Authors: Joy Mast*, Carthage College, Carol L Chambers, Northern Arizona University
Topics: Biogeography, Mountain Environments, Physical Geography
Keywords: Arizona, Dendroctonus, Drought, Ips, Pinus ponderosa, Standing dead trees, Wildfire
Session Type: Poster
Start / End Time: 3:05 PM / 4:45 PM
Room: Lincoln 2, Marriott, Exhibition Level
Presentation File: Download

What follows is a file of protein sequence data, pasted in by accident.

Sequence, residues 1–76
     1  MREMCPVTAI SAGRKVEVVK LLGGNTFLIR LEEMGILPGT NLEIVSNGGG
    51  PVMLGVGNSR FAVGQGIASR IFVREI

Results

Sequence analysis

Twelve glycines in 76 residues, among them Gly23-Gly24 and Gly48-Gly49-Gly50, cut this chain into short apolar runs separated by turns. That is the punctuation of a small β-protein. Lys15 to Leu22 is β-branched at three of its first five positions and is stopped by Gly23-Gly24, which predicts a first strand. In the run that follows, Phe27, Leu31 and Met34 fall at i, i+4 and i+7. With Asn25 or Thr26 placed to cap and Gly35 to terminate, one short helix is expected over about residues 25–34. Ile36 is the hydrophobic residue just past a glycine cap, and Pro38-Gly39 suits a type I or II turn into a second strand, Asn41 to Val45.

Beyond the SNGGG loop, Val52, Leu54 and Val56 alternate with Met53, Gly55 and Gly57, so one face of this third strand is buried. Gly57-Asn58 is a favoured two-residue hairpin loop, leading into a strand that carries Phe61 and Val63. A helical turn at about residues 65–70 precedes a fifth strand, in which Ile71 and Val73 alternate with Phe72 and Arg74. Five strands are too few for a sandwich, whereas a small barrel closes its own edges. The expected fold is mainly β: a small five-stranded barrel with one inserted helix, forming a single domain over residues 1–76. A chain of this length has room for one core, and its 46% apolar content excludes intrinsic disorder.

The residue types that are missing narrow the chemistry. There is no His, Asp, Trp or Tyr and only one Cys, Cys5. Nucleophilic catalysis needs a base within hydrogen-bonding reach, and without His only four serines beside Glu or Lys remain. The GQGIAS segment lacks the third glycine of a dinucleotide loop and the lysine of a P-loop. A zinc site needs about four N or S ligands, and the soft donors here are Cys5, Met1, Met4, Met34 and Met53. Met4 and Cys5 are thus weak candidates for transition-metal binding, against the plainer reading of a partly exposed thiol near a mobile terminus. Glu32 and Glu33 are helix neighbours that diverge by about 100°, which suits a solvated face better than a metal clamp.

We compared two key mortality agents, high-intensity crown fires and an outbreak of bark beetle, in southwestern ponderosa pine (Pinus ponderosa Laws). Our objectives were to conduct a longevity analysis to predict the lifespans of standing dead trees (snags) from large mortality events and determine characteristics of snags that remaining standing. We documented ponderosa pine snag dynamics in northern Arizona with repeat sampling of 14 variables in 18 1-ha permanent plots across two national forests. Specifically, we followed two high-intensity wildfires that occurred in 1996 and 2000 and 4 bark beetle outbreaks from 2002-2005. After field sampling >2500 snags for 1 to 13 years post-mortality, we estimated a 7.6 (± 0.1) year time period for a snag to remain standing. Mortality agent was the strongest predictor of how long a snag stood, with the hazard of falling for beetle-killed snags 2.5 greater than for fire-killed snags. Beetle-killed snags with intact tops, higher degree lean, and smaller diameter were most likely to fall. Inversely, the snags more likely to stand longer were fire-killed, with broken tops, straighter (low degree lean), and larger diameter. Our long-term study provided a useful model to forest managers seeking to select longer-standing snags for wildlife immediately following a high-intensity fire or beetle outbreak. When combined with increased drought-related tree stress due to climate change, and the similarity of southwestern snag dynamics to the west US, snag demography reported in our research indicates future conditions in a broader geographic region.